For many bands, the third album is where it all comes together and masterpieces are produced. 1980’s Panorama, The Cars’ third album, may not have been a masterpiece. But it was the album that they needed to make at the time, a dark, challenging record that seemed to recoil against public perception and reception of the band.
Videos by American Songwriter
As Cars’ songwriter and frontman Ric Ocasek explained to Rolling Stoneat the time, the band was both flummoxed at how they had been thrust into the spotlight and frustrated at how quickly people seemed ready to jump off the bandwagon. “We had abruptly moved from a point in our career of being told, ‘You’re worthless,’ to, ‘You’re everything,'” Ocasek recalled. “So it wasn’t coldness so much as cold anger: we were angry at the people who had failed to understand us before, and angry over what they suddenly expected from us.”
While Panoramaas a whole might not have been what the fans expected, it did contain one of their most epic tracks in “Touch And Go.” There might be no song in the band’s catalog that better plays to the band’s instrumental strengths. The strange interlocking of Greg Hawkes’ icy synths, Ben Orr’s rubbery bass, and David Robinson’s stop-and go beat propels the verses. In the run-up the refrain, the band unites for a galloping groove. And Elliott Easton’s ridiculously precise lead guitar work provides thrills throughout the song’s second half.
Tying it all together are Ocasek’s vocals, as he weaves a tale of obsession and distance. Ocasek was rarely interested in the sentimental versions of love that populated most songs. He much preferred exploring modern relationships in a truthful fashion, looking at the sexual dynamics, the power plays, and the lengths that lovers will go to hide their true selves. All of that is on display in “Touch And Go.”
Ocasek’s narrator begins the song with what seems like a pretty simple statement: “All I need is what you’ve got.” But his next few lines provide some misdirection, as if even he isn’t sure that he’s found: “All I’ll tell is what you’re not/All you know is what you hear.” And he closes it out by giving the reason for his confusion: “I get this way when you come near.”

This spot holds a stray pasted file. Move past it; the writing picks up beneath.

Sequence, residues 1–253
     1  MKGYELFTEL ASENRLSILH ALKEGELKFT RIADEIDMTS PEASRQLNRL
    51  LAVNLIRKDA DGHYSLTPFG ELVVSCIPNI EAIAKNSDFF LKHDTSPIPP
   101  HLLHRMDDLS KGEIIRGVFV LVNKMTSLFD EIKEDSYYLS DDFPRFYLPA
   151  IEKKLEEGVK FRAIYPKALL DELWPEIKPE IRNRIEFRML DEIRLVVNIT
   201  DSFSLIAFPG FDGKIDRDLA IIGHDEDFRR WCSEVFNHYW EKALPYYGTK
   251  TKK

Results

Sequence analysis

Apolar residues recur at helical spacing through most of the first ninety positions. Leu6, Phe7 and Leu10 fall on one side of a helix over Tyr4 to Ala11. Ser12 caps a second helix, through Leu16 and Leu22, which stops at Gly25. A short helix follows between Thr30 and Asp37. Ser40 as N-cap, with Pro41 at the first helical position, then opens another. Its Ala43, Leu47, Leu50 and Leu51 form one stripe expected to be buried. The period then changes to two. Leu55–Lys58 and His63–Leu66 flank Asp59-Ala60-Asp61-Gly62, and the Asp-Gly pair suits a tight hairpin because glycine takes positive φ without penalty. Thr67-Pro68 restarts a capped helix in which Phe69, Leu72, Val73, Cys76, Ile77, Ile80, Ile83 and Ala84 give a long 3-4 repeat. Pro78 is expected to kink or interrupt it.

When he sings in the second verse about “Flying like a cement kite,” his ambivalence is undeniable. But the physical pull brings him back in every time: “In your headlock on the floor/Who could ever ask for more.” There are double meanings at play with the headlock line, as it could signify the control that this woman has over him as much as it does a passionate encounter.
In the final verse, he comments on the tightness of her dress and how it “does make me shake.” But then he qualifies it with “It almost looks too good to fake.” He can’t quite be sure if he can trust what’s right in front of him.
This guy knows he’s in over his head; when he sings heading to the refrain that “I touched your star,” you get the feeling that, as thrilling as it is, it’s something that he can’t quite handle. “It felt so right/Just like the hush of midnight,” Ocasek sings. “Then you said, with me, it’s touch and go.” Again, a double meaning, as that’s a phrase that speaks to uncertainty, but it also refers to the way these two come together briefly only to pull apart again.
Ric Ocasek’s death last week roiled the music world, in large part because he was a true original as both a songwriter and as an architect of sound. The Cars as a band gave him his ideal outlet for those talents. And “Touch And Go,” though it may not be as well-known as their biggest hits, could very well be the ultimate Cars tune.